Deficient rules, poor enforcement and troubled governance: ACCC slams water market management

30 July 2020

The ACCC Murray Darling water markets interim report, made public today, confirms the Morrison Government’s lack of leadership and failures to manage water markets.
After seven years of Liberal and National government, Australia’s precious water resources are being traded on markets that are riddled with problems.
It is clear from the interim report that the Morrison Government’s current approach is deficient, lacks transparency and integrity, and has lost the trust and confidence of the Australian people.
The report says “the current markets’ rules are deficient; enforcement of them is inconsistent and limited; and the overall governance of the Basin’s water trade is troubled.”[1]
In an acknowledgement of widespread concerns about so-called “water barons”, the report makes clear that “the gaps and opportunities created by the complex web of rules, challenges accessing clear and transparent information, and the time and cost needed to identify and pursue trade opportunities”[2] means that big traders can use the markets to their advantage in ways that others, like small irrigators, cannot.
The report also makes clear that current market rules are not adequate to deal with the physical realities of water trading – that is, how water is stored, and how it is moved from one place to another.[3]
Disturbingly, the interim report found that there were limited rules targeting trading behaviour of market participants that specifically aim to prevent market manipulation and that many of the issues that the ACCC views as harmful to open and efficient water trading are grounded in failures of governance.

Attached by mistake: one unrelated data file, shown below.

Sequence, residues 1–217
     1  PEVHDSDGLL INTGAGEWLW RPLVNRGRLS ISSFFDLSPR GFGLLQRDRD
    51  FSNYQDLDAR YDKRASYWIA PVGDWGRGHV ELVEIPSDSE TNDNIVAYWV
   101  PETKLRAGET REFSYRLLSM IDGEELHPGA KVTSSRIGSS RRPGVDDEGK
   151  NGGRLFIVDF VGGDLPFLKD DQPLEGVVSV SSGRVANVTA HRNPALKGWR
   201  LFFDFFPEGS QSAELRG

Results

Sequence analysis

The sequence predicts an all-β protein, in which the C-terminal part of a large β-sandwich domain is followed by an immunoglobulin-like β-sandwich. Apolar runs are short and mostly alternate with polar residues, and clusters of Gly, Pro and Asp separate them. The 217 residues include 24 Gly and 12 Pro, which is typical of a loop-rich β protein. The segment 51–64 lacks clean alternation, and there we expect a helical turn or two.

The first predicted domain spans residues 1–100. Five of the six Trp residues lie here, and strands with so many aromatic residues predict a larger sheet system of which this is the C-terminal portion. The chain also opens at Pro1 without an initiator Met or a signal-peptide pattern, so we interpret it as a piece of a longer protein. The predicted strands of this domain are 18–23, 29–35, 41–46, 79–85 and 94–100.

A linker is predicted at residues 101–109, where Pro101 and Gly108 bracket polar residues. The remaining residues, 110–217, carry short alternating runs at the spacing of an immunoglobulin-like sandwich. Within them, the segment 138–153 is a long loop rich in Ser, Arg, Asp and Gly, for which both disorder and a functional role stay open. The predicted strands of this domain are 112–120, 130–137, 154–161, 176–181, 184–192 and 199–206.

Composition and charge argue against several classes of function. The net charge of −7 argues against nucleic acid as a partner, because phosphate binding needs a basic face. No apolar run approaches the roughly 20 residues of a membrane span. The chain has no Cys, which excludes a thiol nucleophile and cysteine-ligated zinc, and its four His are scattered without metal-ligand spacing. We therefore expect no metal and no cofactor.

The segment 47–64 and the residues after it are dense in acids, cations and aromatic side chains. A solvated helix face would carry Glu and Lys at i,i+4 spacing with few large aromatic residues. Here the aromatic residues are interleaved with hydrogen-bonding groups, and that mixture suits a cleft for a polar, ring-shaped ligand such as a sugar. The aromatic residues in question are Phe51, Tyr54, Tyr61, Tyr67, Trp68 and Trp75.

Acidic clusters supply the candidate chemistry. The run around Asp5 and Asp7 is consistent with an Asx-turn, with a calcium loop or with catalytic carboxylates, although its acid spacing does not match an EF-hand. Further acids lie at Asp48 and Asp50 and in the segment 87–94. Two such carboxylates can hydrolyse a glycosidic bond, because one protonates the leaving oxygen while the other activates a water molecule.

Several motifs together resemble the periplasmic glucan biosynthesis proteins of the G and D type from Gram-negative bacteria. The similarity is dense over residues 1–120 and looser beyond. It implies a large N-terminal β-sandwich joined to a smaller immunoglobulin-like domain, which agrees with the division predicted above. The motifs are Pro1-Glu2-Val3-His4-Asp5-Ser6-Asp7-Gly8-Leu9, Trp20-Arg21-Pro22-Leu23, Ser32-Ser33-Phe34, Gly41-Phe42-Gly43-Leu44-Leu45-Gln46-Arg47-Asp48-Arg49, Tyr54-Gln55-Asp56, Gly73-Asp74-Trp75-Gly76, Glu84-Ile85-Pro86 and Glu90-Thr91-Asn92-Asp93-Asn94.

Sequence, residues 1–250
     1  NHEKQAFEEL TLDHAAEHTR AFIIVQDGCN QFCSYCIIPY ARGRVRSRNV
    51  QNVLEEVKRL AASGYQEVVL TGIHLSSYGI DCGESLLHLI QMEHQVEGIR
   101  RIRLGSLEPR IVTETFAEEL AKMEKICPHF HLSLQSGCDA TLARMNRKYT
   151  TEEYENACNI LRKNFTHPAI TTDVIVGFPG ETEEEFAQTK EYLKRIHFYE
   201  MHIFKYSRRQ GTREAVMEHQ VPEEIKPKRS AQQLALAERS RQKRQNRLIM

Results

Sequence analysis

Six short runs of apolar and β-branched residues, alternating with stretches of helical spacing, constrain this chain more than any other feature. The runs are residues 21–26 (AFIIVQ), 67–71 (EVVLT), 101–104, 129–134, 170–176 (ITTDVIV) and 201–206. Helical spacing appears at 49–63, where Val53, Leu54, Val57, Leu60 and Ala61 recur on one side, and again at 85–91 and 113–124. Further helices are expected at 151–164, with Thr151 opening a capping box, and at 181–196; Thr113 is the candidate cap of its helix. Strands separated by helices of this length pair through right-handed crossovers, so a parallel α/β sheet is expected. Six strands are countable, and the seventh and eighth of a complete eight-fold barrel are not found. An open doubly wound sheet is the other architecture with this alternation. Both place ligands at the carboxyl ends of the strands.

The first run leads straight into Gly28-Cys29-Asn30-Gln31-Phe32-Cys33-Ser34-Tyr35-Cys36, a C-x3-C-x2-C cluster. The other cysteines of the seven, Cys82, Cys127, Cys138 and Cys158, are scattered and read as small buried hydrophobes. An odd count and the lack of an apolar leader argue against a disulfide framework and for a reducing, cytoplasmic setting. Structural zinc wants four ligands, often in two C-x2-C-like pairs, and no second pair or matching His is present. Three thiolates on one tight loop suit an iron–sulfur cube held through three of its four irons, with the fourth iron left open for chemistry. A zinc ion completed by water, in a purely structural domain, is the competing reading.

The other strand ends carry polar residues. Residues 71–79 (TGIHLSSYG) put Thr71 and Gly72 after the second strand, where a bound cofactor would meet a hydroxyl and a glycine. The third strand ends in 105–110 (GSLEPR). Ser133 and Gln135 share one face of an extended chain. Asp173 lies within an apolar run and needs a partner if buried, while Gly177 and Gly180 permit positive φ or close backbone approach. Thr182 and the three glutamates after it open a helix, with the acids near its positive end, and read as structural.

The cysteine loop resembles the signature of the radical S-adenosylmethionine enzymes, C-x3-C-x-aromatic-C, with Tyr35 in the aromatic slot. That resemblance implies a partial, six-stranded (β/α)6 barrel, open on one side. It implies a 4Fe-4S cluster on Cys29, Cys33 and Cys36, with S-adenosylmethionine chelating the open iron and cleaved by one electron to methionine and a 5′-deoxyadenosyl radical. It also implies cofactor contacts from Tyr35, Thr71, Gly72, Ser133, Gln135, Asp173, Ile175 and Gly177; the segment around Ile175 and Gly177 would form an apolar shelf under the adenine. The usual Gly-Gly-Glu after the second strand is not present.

The report also found that:

  • Water market intermediaries such as brokers and water-exchange platforms operate in a mostly unregulated environment, allowing conflicts of interest to arise, and opportunities for transactions to be reported improperly.
  • A lack of obligations on brokers and inadequate oversight can harm market participants and damage confidence in markets.
  • There are information failures which limit the openness of markets and favour better-resourced and professional traders who can take advantage of opportunities such as inter-valley trade/transfer openings.
  • The Basin’s markets need decisive and comprehensive reform and that to make real and lasting improvements, there is a need to change the Basin’s ‘governance’ arrangements.
  • There are scant rules to guard against the emergence of conduct aimed at manipulating market prices, and no particular body to monitor the trading activities of market participants.

Labor has been calling for action from the Government for some time to address the disastrous lack of water transparency that is paralysing farmers in the Murray Darling Basin, damaging our economy and crushing public trust, particularly when it has occurred during one of the worst droughts on record.

Labor has highlighted before that information asymmetry is a classic source of market failure.  The lack of transparency in this market is failing farmers, communities and the nation.
This report follows the Keelty Report which was a scathing review of the Coalition Government’s mismanagement of the Murray Darling Basin which found an absence of leadership, transparency, and "a single point of truth" across the Murray-Darling Basin.
Instead of ensuring transparency in the use of our nation’s water, this Government has no plan to restore confidence in water markets and management in Australia’s most important river system.
The buck stops with the Morrison Government.
It must ensure that Australia’s water is used well and effectively in the public interest, for current and future generations of Australians.